**** Product version of this project at http://ledpixelart.com ****Project Video PartsAntique MirrorPIXEL LED Board RGB Shield for IOIOMint Board - coming shortly from Seeedstudio IR Proximity Sensor 32x32 ...
The Android device is talking to the IOIO board over Bluetooth. The IOIO board is then controlling the LED matrix (over 1,000 RGB LEDs).
Using the Android apps written for this project, it's very easy to customize with your own images and animations by simply copying your files to the SD card/internal storage of your Android device, no coding is required.
Special thanks to Ytai Ben-Tsvi , creator of the IOIO board, for all of his help on the project. Ytai wrote the custom firmware & corresponding Android API that allows the IOIO board to control the RGB LED Matrix.
To make the wiring super easy, an RGB LED matrix shield was designed for this project which plugs into the IOIOMint or Droidalyzer IOIO board.
1. Plug the RGB LED Matrix shield into the IOIOMint or Droidalyzer IOIO board 2. Plug the IDC cable from the matrix into the shield 3. Plug the power cables from the LED matrix shield into the power terminal blocks on the RGB LED Matrix shield 4. Plug the Grove proximity sensor into the first Grove module on the RGB LED Matrix shield
If you don't have the IOIO RGB Matrix shield, you can still do the project, it will just take a little longer to wire up the RGB LED matrix to the IOIO board. Here's the pinouts for wiring up the LED matrix to the IOIO board.
The idea is to scratch the mirror enough such that the LED matrix which will be mounted on the back of the mirror will shine through. Just take your exacto knife and make the vertical scratches. It's a fine line between too many scratches and not enough so test it along with the way and see how much of the LED matrix is shining through.
It's very easy to customize with your own images and animations, no coding is required. Simply copy your image or animation to the SD card of your Android device or internal memory if your Android device doesn't have an external SD card.
For static images, use the Pixel Slideshow app and copy your image to the pixel\pixelslideshow directory of your Android's external SD card or internal memory. Images with black backgrounds or PNGs with a transparent background will give the best results. Just keep in mind the LED matrix is a low resoluiton of 32x32 meaning large, high-res images will not look good. If your image is not 32x32, not to worry, the app will automatically scale it to 32x32 before sending it to the LED Matrix.
Note also the last image displayed on the LED Frame will remain even after the Android device is off. This means you can simply use your Android phone to set the image and then it will remain for as long as the LED Matrix has power.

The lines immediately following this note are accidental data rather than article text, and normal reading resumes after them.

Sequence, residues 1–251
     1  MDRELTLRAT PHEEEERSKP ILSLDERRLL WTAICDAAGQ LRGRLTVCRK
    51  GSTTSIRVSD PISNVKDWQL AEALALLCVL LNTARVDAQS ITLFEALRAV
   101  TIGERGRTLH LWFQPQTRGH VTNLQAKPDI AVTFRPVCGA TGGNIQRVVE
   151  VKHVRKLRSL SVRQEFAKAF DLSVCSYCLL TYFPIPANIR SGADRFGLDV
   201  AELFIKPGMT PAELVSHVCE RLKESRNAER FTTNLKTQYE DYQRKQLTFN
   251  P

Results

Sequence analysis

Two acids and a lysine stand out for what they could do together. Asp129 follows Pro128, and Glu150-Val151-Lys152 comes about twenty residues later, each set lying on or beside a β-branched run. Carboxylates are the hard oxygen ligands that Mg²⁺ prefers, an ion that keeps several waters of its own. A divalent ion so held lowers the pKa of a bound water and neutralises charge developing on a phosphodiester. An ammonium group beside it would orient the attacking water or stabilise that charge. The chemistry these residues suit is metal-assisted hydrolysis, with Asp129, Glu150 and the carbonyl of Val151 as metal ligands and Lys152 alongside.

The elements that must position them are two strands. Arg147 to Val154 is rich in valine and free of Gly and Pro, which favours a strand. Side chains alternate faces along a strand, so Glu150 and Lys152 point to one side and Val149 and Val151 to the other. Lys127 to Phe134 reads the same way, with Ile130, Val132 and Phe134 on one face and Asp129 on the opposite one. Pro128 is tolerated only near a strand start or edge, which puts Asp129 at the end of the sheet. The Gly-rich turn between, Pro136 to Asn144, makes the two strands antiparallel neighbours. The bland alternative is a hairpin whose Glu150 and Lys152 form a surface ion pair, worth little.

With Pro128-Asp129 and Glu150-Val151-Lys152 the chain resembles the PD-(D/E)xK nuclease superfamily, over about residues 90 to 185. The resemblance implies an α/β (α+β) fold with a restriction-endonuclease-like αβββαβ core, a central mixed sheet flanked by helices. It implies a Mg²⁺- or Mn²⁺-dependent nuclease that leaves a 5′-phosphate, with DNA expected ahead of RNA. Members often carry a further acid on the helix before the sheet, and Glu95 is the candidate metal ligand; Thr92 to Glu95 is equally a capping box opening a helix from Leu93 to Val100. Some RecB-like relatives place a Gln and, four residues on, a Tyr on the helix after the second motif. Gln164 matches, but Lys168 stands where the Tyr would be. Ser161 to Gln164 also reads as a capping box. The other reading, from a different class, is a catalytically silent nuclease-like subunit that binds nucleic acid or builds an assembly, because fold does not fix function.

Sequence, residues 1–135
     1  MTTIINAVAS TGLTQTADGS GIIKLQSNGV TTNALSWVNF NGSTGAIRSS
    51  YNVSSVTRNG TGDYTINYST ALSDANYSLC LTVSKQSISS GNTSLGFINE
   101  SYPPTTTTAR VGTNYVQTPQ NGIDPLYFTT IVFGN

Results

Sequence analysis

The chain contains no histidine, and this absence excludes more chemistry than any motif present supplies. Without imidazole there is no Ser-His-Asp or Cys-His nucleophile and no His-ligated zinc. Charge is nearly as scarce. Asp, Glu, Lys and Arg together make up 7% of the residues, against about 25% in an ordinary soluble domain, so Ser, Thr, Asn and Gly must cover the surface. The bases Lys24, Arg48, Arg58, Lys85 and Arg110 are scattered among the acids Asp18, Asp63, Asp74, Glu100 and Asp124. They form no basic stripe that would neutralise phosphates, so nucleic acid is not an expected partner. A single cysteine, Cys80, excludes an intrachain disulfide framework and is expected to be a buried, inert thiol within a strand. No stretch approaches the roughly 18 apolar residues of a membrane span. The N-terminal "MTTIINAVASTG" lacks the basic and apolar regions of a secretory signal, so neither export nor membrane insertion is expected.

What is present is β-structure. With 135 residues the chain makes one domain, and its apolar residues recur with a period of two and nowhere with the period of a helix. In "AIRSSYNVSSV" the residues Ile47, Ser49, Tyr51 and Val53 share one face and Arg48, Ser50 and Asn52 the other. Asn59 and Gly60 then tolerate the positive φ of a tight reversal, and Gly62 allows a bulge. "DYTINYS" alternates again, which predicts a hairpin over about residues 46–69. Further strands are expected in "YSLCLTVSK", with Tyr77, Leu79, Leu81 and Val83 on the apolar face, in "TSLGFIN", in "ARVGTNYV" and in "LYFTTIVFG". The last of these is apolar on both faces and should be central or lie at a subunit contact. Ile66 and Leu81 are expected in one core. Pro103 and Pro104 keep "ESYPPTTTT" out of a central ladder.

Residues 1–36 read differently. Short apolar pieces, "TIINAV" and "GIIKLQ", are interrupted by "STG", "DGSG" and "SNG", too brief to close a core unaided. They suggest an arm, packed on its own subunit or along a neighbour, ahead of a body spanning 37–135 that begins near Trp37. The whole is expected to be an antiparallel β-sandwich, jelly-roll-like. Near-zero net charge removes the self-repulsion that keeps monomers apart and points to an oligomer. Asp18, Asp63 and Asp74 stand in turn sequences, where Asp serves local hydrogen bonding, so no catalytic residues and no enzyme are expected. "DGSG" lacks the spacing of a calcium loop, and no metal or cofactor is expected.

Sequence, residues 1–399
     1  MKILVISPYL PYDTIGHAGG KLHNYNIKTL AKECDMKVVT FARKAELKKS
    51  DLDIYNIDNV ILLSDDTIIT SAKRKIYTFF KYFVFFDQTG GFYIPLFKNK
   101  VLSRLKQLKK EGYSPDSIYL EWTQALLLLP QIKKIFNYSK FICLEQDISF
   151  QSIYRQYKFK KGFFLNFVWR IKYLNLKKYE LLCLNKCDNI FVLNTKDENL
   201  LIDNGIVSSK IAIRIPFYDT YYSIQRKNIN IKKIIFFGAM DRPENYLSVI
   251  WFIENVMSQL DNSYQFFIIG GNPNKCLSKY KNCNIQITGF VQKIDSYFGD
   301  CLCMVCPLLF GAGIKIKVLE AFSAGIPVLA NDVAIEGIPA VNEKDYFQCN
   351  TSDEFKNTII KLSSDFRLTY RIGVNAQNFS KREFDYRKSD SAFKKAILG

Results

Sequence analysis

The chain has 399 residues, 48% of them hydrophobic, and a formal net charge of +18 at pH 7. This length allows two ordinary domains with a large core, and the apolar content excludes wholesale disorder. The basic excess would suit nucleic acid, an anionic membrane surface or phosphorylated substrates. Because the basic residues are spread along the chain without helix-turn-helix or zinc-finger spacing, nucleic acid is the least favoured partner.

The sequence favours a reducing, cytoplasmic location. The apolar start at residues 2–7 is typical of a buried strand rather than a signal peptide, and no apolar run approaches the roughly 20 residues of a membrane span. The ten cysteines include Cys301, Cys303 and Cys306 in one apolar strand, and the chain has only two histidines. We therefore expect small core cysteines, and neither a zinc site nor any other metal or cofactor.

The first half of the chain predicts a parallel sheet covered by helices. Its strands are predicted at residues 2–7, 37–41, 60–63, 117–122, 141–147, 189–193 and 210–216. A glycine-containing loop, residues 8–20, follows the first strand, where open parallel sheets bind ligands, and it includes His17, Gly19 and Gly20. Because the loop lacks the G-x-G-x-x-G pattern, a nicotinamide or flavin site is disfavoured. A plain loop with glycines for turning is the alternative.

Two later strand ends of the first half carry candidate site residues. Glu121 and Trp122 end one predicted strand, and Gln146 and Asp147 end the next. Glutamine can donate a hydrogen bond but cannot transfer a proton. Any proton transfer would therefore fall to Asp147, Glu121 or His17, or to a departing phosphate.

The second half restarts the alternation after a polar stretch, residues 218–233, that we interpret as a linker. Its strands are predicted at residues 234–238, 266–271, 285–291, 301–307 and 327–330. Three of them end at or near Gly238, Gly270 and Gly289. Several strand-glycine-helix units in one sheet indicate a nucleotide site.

To use your own animations, use the Pixel Animate app and copy your animations to the pixel\pixelanimate directory of your Android's external SD card or internal memory. The animations must be in animated .GIF format. Yes that's right, those really annoying animated GIFs we used to see plastered on pages in the early days of the Web. Well as it turns out, many of those animated GIFs are also annoying on the LED Matrix. So you probably want to author your own using your favorite video editor and then just export to the animated .GIF file format. I used Adobe Flash Pro for the aquarium and 80s arcade animations you see in the project video but many other tools like Adobe Photoshop, Adobe Premiere, etc also support the animated .GIF format. I recommended a frame rate of around 10 frames per second (FPS). I tried some at 24 FPS which worked but the video was a little choppy at times. Keep in mind it's low res 32x32, so 10 FPS is more than enough. If you're just downloading an existing animated .GIF off the Internet or your animations are not in 32x32 resolution, the app will detect this and automatically re-size to 32x32 for you before sending to the LED Matrix.
Here's the full version of two custom animations I did for this project using Adobe Flash Professional.
In collaboration with Seeedstudio, we're almost done with a product version of the project which for the moment is called "Pixel". By the way, if someone has an idea for a better name (I'm not super thrilled about Pixel), by all means drop a suggestion. More info at http://ledpixelart.com
Note also that Pixel will be expandable meaning other sensors can be added in a plug and play fashion. The haunted mirror project in this Instructable utilized the Grove proximity sensor. Pixel will include the Grove proximity sensor with the capability to plug in other Grove sensors from Seeedstudio with no soldering. Then it's just a matter of developing an app to take advantage of the new sensor.
Step 7: Coding your own Android App for the LED Frame
3. Using the IOIO Manager app installed on your Android phone, upload the RGB LED Matrix firmware (scroll to the bottom of the page) on your IOIO board. Note: you must use this modified firmware, the normal IOIO firmware does not support the LED matrix.
Now it's whatever you can think of. Also keep in mind the RGB LED matrix shield includes Seeed Grove ports meaning you can very easily plug in a Seeedstudio Grove sensor. Of course you can use others sensors too, the Grove ports just makes it easier.
Keep in mind the resolution of the LED frame is 32x32. If your source image(s) is a higher resolution than 32x32, you can see in the example code how to dynamically scale the image before sending it to the LED frame. Just be mindful that high resolution images scaled to 32x32 will not look very good.